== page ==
Toni Lanes has bipolar disorder but she says it doesn’t have her. Instead, she is a successful artist that has traveled the world selling her pieces and exemplifying how mental health is not what defines a person. In 2013, Toni Lanes became a client at Art Enables, a nonprofit organization, and was later promoted to studio assistant.

“For three years, I’ve been selling my art and getting to know people and myself more while dealing with my illness and other peoples’ illnesses. I’ve realized the importance in myself by being a mentor. I live in a ‘me’ world and at Art Enables it’s a ‘we’ world,” she told the AFRO.

The Art Enables gallery gives D.C. residents with mental illness a space to make and sell their art. The Art Enables staff is pictured. (Courtesy photo)

Founded in 2001, Art Enables is an art gallery in Northeast D.C. that focuses on providing artists with disabilities – including autism, down syndrome, traumatic brain injury, schizophrenia and bipolar disorder, among others –opportunities to cultivate, advertise, and profit as artists in a professional setting. The gallery was created by Joyce Muis-Lowery with the mission of providing a creative space for emerging artists to develop, while providing a secure environment for the artists to express themselves.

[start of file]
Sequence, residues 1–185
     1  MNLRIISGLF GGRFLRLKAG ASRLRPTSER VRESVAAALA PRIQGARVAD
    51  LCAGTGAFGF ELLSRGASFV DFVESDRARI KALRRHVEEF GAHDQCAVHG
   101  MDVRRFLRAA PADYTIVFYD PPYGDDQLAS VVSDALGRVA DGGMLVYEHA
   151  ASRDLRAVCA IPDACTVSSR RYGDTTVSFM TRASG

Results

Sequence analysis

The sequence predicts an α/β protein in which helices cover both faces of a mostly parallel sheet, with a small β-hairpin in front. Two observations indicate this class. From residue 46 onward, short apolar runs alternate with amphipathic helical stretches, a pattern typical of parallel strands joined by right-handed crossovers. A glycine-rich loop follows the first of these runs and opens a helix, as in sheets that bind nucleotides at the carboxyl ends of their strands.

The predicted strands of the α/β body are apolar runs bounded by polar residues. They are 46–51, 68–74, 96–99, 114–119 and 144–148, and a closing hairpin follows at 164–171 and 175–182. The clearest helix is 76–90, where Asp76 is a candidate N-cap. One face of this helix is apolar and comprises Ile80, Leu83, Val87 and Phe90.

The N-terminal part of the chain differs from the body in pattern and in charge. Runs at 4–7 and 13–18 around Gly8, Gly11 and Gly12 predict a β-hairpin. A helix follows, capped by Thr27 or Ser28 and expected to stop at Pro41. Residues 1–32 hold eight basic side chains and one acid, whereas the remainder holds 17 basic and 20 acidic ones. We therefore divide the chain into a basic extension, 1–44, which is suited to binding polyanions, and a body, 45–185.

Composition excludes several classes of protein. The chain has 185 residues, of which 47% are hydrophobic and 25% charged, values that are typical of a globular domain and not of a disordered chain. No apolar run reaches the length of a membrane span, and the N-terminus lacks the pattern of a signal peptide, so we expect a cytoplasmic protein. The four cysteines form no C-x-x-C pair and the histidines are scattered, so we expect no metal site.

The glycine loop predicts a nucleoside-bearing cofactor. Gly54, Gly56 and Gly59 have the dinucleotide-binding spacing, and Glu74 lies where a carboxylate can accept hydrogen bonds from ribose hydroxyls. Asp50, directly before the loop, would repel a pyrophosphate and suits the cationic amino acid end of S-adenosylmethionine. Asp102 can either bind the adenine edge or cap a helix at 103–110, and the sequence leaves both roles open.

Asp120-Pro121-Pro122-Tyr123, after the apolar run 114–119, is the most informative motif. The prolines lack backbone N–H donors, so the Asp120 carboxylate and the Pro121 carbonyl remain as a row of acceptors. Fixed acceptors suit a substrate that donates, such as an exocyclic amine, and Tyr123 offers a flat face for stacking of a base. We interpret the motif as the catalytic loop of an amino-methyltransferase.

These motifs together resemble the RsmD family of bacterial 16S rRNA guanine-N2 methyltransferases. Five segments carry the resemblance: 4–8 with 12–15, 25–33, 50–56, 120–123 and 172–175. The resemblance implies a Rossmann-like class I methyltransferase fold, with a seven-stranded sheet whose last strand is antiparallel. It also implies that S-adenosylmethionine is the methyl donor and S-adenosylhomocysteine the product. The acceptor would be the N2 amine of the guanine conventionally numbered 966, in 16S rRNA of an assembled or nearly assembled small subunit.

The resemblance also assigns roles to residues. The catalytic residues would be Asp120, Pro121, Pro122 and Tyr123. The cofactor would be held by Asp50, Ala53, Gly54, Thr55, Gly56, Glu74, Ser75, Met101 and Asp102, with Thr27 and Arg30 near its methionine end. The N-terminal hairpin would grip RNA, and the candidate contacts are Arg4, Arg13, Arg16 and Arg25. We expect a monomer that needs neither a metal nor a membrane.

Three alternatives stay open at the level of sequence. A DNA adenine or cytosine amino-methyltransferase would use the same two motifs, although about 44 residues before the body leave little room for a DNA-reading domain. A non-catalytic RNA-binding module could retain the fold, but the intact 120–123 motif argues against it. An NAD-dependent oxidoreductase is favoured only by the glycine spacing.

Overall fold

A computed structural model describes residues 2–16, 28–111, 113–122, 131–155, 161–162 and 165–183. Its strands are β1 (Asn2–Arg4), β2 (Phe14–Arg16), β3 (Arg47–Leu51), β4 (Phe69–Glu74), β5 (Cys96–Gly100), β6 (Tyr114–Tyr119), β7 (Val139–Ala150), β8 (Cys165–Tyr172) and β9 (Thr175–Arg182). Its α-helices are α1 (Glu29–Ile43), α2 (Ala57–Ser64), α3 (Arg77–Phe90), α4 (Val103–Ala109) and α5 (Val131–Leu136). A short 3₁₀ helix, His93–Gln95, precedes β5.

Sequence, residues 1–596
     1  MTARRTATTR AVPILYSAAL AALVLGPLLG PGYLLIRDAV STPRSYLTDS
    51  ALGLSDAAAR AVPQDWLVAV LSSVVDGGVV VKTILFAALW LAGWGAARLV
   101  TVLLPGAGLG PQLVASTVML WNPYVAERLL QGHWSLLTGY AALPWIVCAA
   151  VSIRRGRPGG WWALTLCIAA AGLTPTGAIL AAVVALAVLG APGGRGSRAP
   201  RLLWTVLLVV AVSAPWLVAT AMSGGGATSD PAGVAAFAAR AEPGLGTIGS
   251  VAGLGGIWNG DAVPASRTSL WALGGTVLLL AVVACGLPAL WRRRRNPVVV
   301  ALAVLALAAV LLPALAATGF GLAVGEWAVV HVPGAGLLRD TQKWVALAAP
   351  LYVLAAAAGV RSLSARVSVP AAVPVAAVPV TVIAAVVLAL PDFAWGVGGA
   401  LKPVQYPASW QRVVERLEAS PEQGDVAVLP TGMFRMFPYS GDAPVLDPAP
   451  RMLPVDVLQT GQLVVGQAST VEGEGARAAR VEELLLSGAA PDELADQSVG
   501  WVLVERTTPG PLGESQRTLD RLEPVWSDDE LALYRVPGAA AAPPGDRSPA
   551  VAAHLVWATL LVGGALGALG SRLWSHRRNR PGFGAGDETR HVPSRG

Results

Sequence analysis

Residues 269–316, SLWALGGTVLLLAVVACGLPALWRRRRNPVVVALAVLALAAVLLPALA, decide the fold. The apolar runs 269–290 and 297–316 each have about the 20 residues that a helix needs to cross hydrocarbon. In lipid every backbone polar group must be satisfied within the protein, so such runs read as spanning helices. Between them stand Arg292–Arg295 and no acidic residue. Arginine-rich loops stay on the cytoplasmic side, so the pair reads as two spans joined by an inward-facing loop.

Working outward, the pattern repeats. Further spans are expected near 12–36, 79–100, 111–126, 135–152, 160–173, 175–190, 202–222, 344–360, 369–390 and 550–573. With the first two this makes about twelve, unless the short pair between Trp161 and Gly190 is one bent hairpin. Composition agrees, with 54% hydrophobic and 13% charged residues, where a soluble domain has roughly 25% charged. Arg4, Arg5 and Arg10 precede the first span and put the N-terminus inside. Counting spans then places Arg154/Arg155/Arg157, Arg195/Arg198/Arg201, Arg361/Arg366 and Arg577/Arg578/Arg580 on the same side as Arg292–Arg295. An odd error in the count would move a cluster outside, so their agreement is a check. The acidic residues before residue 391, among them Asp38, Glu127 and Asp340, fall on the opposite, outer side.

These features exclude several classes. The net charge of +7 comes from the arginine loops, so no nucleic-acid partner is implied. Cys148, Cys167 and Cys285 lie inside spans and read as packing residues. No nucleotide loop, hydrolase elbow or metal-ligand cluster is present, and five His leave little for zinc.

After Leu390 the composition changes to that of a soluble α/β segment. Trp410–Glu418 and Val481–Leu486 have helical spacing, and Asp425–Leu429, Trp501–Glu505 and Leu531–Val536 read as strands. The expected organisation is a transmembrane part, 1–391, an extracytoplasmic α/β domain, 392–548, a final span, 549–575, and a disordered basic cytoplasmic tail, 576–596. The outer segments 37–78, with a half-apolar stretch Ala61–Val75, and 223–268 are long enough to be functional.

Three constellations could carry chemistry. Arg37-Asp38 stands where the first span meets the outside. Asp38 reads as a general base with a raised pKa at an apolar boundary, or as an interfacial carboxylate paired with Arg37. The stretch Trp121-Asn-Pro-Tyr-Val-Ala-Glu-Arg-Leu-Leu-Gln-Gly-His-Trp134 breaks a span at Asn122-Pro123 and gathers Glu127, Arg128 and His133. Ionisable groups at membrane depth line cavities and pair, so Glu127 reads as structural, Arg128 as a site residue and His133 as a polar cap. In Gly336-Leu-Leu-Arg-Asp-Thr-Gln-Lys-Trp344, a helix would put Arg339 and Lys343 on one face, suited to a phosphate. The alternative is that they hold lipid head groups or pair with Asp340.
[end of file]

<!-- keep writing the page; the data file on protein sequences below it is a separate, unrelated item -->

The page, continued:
“It’s not common that people with developmental abilities are served in the same physical space. What’s really powerful and what I’ve grown to appreciate is – because the common denominator here is art – how that is the unifying element in the studio and it creates this really powerful dynamic where there is tremendous peer support,” Tony Brunswick, executive director of Art Enables, told the AFRO.

Funding for the gallery comes from private donations and government grants. All money from art sales go directly to the artists and framing costs. According to Brunswick, artists are given the opportunity to use a variety of free materials during workshops which are offered every second Saturday of the month.

Although the gallery is a free, creative space, it has rules to ensure a professional environment, such as weekly reviews. Artists critique each other, and whenever an artist completes a piece, it must be evaluated by a jury before it can be showcased for exhibition and sale. Prices range from $15 to more than $100.

“We don’t teach them how to make art, we want to give them the experience of being an artist,” Brunswick said. “The exhibition experience, the studio experience, the jury and peer review experience are all very important. It helps develop, for the artist, the professional thick-skin to be able to take feedback and determine their own opinions on their work.”

Art Enables will also be celebrating their 15-year anniversary on Nov. 4. The gallery is also celebrating the fact that is has sold more than $1 million worth of artwork during that time.

Brunswick said there are plans to expand by collaborating with cross-disciplinary arts organizations to give artists the opportunity to work with theatre and dance companies for stage productions.

Renovations to enlarge the production space for artists began in October of 2016 and are expected to end in January of 2018.